What I've heard some people do, and I'm not saying you should do this, you did not hear this from me. Some people who get bed bugs and live in apartment buildings with tenants' associations say nothing and wait until the bugs have moved to an adjacent apartments and enough apartments are infested so that someone else brings it to the attention of the tenant's association. Then the association has all tenants either pool their money together or hold a fund raiser to pay for the fumigation of the entire building. Or file a class-action law suit against your landlord, but I doubt that would be any more successful than suing the landlord yourself. It is important that you keep the infestation a secret until someone else finds them in their apartment, because as the saying goes, whoever smelled it, dealt it. The bonus behind this strategy is that if multiple apartments are infested, even if your home was the first in the building to have bed bugs (which you can't even be 100% sure of) no one will be able to trace it back to any one particular source.
I've basically given you the Reader's Digest version of what I know about bed bugs. For more details, I suggest perusing the archives of Bugged Out. It's been up since January 2006, and I as well as hundreds of people going through the same situation have literally discussed every imaginable aspect of this topic. http://buggedout.org
Good luck with your bed bug problem.
Declutter, declutter, declutter. Nothing is being donated, nothing is being passed on. Anything we get rid of is going into the trash. I need to find out what exactly needs to be tossed because I don't want to throw out anything I don't have to. Are my books harboring unwanted vermin? (HAHAHA like there's ever a wanted kind of vermin?) Do I need to toss out the boxes of stuff that I hadn't even unpacked yet?
I found out that the children's Build a Bear animals can be saved. Unstuff them, throw out the stuffing, wash on HOT HOT HOT with plenty of liquid fabric softener, plus I plan to add a bunch of TTO, and then air dry. Once dry, any Build a Bear store will restuff them for free. Immediately package in sealed plastic until the house is safe.
Take all the laundry, sort out what we need and throw out the rest. Baby clothing we won't need for a while, so I'm washing that (without tto) and putting in the basement to wait for the baby, as I'm pretty sure that's bug free. Tie dye blanks, ditto. Clothes we need to pare down to a minimum and get rid of the rest. No saving anything unless it's super precious to us. Wash with plenty of tto on HOT HOT HOT, dry a minimum of 30 minutes on high, and put in the basement other than a minimum amount.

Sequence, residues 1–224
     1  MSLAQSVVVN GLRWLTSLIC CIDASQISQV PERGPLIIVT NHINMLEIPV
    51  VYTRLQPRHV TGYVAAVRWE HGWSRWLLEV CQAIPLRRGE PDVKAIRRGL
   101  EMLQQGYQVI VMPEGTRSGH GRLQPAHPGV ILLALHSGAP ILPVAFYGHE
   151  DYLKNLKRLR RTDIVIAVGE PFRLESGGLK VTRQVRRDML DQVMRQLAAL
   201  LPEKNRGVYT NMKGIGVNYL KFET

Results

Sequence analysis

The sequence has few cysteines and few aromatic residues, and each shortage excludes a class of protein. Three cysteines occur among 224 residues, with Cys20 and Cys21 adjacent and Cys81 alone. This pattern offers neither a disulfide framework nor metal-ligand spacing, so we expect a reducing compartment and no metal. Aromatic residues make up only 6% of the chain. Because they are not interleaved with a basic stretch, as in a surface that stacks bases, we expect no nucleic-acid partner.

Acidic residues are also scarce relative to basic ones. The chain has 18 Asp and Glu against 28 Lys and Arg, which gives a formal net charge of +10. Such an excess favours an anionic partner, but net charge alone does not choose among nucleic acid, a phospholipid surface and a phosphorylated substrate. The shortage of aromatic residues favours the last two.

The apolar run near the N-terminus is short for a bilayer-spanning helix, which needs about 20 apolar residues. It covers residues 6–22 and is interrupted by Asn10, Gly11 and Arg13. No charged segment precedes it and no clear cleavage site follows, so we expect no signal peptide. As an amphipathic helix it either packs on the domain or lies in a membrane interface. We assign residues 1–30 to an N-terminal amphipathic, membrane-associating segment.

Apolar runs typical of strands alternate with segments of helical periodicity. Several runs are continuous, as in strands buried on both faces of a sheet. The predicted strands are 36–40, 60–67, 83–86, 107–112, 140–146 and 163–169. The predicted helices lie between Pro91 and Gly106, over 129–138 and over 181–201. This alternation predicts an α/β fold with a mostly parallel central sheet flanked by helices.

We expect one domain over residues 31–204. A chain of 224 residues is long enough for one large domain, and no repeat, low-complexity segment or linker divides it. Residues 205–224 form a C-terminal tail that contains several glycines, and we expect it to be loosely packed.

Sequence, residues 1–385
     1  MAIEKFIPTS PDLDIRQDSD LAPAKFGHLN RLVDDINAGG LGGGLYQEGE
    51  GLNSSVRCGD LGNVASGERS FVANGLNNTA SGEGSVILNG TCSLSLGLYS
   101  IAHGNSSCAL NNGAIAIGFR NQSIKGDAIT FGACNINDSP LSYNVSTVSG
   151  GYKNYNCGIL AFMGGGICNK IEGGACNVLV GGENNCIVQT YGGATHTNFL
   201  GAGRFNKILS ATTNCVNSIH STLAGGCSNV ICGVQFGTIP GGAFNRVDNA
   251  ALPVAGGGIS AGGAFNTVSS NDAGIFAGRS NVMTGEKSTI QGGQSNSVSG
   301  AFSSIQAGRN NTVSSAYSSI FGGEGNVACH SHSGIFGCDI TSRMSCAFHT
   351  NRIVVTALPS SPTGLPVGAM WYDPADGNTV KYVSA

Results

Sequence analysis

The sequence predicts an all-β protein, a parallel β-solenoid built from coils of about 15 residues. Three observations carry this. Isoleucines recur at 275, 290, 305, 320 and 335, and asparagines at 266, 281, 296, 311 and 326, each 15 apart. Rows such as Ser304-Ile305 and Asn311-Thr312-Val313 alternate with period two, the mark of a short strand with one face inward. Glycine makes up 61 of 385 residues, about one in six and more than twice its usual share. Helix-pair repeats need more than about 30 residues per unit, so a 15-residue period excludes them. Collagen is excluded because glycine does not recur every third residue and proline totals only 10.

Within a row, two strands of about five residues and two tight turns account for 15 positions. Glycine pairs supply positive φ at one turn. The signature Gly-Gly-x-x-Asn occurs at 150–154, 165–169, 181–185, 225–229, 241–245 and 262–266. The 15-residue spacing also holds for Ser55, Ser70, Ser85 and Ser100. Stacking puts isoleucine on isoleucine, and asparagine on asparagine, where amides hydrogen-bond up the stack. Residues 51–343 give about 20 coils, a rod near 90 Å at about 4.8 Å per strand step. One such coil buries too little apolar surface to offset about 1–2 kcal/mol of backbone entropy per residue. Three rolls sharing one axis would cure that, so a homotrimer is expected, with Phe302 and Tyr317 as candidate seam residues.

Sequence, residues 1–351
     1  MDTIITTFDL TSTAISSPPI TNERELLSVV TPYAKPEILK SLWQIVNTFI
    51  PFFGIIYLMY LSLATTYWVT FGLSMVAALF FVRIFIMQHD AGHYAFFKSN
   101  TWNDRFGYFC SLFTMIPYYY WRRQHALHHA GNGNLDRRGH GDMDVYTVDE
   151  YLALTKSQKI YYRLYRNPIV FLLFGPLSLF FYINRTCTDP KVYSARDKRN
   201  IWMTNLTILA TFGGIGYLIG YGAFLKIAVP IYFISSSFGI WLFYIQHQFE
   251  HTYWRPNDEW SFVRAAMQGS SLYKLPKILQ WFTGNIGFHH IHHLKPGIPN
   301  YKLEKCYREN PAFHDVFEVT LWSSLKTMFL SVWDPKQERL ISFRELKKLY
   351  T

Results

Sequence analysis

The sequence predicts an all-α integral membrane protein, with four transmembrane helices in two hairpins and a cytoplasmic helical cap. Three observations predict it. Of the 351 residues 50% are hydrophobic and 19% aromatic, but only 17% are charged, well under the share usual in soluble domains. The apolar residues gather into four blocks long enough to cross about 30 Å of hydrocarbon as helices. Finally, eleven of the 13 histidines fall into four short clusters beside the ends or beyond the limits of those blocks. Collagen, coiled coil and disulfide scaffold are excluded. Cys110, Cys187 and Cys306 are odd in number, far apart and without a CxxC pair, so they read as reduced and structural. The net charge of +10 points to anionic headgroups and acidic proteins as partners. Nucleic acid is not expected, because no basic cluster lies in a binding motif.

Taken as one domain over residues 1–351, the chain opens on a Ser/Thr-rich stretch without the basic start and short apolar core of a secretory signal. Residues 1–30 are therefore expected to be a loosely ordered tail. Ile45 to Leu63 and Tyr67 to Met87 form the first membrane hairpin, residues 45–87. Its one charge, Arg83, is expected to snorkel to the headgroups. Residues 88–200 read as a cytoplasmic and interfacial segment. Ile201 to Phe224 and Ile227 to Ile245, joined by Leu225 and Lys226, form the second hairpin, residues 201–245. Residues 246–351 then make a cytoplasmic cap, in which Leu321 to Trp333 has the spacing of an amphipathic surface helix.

Empty DS1's bedroom, which has been empty and is PROBABLY bug free. Scrub, apply pesticides, let dry. Examine his furniture. If it's clean, apply pesticides and put in his room with a new, sealed in plastic mattress and pillow. Give him some number of carefully washed toys and tell him not to let them out of his room for ANY REASON.
Empty the future playroom/current storage room, which isn't used and is PROBABLY bug free. Scrub, apply pesticides, let dry. Buy new mattresses, seal in plastic, put in there for dh, ds2 and myself to sleep on.
Repeat in mostly unused DD's bedroom, though it's POSSIBLE we might see some activity in there.
My room is last and I don't imaginne much of the furniture will be kept. The rubbermaid cabinets will be washed and left outside. The fabric will be washed and dried on HOT HOT HOT and then stored in the cabinets outside. I doubt anyone will steal it, we've had more valuable stuff out there that was ignored. Linens get washed and moved to the playroom and then this room gets scrubbed and poisoned within an inch of its life. I'm not happy about this poison, given that I'm 7 months pregnant.
Did I mention that I had a bug bite IN MY EAR? I mean, not ON my ear, but actually trying to get to my inner ear. OMG. OMGOMGOMG. I wanna run away and I swear I'd move tomorrow if I had somewhere to go!!!
And then the downstairs, which I'm totally overwhelmed by.